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Cities Media Roundup (August 2016)

[A USS navy missile cruiser in the Suez Canal, 1992. Image from Wikimedia Commons] [A USS navy missile cruiser in the Suez Canal, 1992. Image from Wikimedia Commons]

[This is a monthly roundup of news articles, and other materials related to urban issues in the region, and beyond. It does not reflect the views of the Cities Page Editors or of Jadaliyya. You may send recommendations for inclusion in the Cities Media Roundup to cities@jadaliyya.com, mentioning "Roundup" in the subject line. We also welcome your submissions to the Cities Page: please check details on cities.jadaliyya.com.]


Urban Planning

Improving Livelihoods in Eastern Sudan The Sustainable Livelihoods for Displaced and Vulnerable Communities in Eastern Sudan Project (SLDP) provided livelihood opportunities to hundreds of households in some of the poorest Internally Displaced People (IDP) and host communities in eastern Sudan.

Dans le Chouf, le "grignotage démographique" chiite inquiète chrétiens et druzes [in French] Journalist Fady Noun reports for L’Orient-Le Jour on the recent decision of a majority Christian Chouf municipality to halt the revision of the master plan that would have opened the area for the development of buildings to be bought by Shiites. The story highlights the sectarian tensions in the South of Beirut’s metropolitan area.

Despite Coptic Leaders' Approval, Draft Church Construction Law Faces Criticism The revised law on the construction of churches, long requested by the Coptic Pope, has been criticized for potentially making the process more difficult.

Urban Mobility: More than Just Building Roads (Tadamun) As cities continue to grow, planners are facing the challenge of designing urban mobility systems that are sustainable on social, economic, institutional and ecological levels. To achieve this, there are growing calls from planners for a paradigm shift in transportation planning: to move away from the transport bias, which equates mobility to transportation, and to put more focus on people’s accessibility needs.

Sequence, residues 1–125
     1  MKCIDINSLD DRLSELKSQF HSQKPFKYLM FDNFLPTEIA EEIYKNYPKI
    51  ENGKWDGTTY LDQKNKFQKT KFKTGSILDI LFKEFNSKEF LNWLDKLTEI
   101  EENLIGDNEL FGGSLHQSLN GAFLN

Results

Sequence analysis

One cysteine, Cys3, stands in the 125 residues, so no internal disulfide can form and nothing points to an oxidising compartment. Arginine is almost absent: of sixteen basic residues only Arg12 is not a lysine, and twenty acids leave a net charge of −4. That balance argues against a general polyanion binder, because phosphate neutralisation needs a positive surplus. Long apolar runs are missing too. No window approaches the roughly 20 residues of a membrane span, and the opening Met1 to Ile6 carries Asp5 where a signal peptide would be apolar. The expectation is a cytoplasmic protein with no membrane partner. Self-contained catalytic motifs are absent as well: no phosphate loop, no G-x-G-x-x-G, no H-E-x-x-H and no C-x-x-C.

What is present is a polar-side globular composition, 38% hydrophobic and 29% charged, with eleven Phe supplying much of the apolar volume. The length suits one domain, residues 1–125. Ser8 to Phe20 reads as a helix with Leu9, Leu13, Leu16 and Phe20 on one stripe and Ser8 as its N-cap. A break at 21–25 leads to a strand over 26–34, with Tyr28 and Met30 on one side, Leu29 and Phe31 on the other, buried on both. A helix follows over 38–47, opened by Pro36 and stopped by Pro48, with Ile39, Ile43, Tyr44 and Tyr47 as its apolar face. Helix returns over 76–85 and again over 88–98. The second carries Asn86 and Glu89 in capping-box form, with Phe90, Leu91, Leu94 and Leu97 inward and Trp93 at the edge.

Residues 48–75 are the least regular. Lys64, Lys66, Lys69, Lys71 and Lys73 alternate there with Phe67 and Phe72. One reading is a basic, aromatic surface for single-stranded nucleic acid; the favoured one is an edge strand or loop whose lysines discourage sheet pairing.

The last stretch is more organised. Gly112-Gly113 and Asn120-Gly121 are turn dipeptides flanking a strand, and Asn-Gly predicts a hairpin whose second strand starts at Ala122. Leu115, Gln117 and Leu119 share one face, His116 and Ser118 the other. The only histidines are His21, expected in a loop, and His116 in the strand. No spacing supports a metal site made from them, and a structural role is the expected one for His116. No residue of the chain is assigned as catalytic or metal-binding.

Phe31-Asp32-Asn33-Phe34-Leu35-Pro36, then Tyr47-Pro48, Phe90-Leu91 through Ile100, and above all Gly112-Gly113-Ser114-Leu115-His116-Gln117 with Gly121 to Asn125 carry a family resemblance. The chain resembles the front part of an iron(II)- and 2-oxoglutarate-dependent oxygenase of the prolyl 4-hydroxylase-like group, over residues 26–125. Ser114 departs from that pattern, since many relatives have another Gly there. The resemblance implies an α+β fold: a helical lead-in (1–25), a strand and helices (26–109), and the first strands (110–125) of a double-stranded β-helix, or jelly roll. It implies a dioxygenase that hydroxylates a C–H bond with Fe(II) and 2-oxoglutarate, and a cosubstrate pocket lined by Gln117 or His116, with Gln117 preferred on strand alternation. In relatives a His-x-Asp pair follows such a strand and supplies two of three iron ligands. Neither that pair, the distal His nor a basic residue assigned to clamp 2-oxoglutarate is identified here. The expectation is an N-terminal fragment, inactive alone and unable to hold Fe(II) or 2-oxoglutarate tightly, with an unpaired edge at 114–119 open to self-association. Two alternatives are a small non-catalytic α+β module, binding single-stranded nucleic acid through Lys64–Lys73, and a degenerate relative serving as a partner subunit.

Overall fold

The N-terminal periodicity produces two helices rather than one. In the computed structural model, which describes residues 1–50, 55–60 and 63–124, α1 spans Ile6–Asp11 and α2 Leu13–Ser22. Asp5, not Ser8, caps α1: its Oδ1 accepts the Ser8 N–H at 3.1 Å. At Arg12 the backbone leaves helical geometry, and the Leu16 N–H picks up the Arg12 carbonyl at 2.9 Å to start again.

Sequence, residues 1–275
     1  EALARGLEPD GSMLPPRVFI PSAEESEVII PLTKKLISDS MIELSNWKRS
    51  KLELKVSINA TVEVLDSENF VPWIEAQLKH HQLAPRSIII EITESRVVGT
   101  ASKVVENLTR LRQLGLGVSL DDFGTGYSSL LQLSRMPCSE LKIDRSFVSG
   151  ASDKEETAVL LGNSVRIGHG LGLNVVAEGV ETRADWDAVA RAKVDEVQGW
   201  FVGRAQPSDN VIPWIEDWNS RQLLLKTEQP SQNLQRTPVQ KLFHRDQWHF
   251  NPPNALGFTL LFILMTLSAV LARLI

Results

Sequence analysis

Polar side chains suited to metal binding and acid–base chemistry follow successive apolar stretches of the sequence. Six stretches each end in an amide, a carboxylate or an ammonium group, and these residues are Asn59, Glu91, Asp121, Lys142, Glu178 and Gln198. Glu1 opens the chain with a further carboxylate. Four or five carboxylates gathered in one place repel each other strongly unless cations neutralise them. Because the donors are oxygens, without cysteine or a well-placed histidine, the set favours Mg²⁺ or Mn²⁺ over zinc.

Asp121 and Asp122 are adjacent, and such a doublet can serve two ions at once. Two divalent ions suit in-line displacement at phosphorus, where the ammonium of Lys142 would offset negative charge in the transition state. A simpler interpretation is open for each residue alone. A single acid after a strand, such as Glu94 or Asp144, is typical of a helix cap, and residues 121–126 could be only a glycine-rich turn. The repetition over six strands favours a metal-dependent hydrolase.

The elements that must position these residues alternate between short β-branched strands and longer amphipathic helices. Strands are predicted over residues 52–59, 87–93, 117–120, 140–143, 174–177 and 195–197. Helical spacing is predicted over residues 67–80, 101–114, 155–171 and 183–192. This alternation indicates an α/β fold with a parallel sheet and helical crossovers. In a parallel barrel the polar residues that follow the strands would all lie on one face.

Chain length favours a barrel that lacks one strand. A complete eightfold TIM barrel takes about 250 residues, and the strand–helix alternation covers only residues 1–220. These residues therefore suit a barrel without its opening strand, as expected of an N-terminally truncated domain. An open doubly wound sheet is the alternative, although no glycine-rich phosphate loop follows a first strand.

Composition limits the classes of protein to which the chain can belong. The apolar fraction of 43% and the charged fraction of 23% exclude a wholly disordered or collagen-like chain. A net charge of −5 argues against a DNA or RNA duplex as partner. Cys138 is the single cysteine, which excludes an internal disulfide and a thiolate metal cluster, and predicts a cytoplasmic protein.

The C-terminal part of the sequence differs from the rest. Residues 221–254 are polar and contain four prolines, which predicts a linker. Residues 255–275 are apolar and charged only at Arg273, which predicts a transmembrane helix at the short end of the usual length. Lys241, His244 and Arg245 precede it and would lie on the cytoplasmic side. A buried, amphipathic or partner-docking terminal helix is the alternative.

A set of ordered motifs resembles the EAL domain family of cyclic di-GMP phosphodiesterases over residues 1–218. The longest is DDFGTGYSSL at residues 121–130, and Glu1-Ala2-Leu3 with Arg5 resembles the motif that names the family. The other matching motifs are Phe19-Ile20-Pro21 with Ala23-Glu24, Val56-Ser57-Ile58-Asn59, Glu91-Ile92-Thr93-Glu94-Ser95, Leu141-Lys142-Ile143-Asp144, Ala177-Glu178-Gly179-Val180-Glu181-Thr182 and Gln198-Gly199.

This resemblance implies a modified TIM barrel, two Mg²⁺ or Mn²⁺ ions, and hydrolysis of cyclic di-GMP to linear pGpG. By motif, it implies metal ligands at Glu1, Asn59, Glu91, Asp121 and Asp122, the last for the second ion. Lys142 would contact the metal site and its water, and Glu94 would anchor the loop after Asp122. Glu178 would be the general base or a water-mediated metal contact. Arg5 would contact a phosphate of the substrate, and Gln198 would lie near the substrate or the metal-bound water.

Urban Heritage

Lost cities #1: Bablyon–How War Almost Erased Mankind's Greatest Heritage Site The Guardian traces the history of the site of Babylon through its originsUrban Mobility: More than Just Building Roads Ta to the restorations of the Ba'thist era.

Gentrification Glitter Fades into Dust in Instanbul’s Heart Istanbul’s most famous avenue falling into urban decay is a sign of economic hardship awaiting Turkey in the near future.

Supporting Lebanon’s Cultural Heritage as a Driver of Job Creation and Local Economic Development The Cultural Heritage and Urban Development project is helping preserve the heritage of 5 historic cities in Lebanon through renewing infrastructure, opening ways to creative business opportunities and helping grow the economy.

Video: Urban Heritage in Beirut [Arabic] BBC Arabic discusses the urban heritage of Beirut, its loss and neglect, and how creative solutions can still preserve what is left of it. The video features heritage activists Hana Alamuddin and Abdul-Halim Jabr.

 

Infrastructure and the Environment

One Year On: Where Does the "New Suez Canal" Stand? Mada Masr discusses the disappointing returns produced by the new canal in the context of the greater economic downturn, as well as governmental efforts to disguise this fact.

Why are Beaches Disappearing in Morocco? Matthew Greene reports for Middle East Eye on the disappearance of sand from Morocco's beaches for use in construction. The widespread practices of "sand mining" has ravaged the country's coastal ecosystems.

Violente diatribe de S. Gemayel contre "La catastrophe écologique et sanitaire » de Bourj Hammoud [in French]L’Orient-Le Jour reports on a new episode in the protests led by Kataeb leader Samy Gamayel over the dumping of garbage in Beirut, after the government authorized the reopening of the dumpsite in Borj Hammoud.


Conflict in Cities

The Birth of Agro-Resistance in Palestine For decades Israel has been driving Palestinian farmers off their land by imposing restrictions on agriculture. But one company, Canaan Fair Trade, has found an innovative way to resist.

Google Maps, Palestine, and How Technology Shapes What We Know Sarah Moawad, writing for Muftah, uses the controversy over Google Maps' failure to adequately label Palestine as a jumping-off point for a discussion on the (non-)neutrality of technology.

Life and Death in Palestine The Guardian's long read on the effects of Israeli militarization and occupation on the town of Hebron.

The Siege Sector: Why Starving Civilians Is Big Business Syria Deeply talks to Will Todman, a researcher at Georgetown University, about the country's war economy and how some groups benefit from the siege of Aleppo.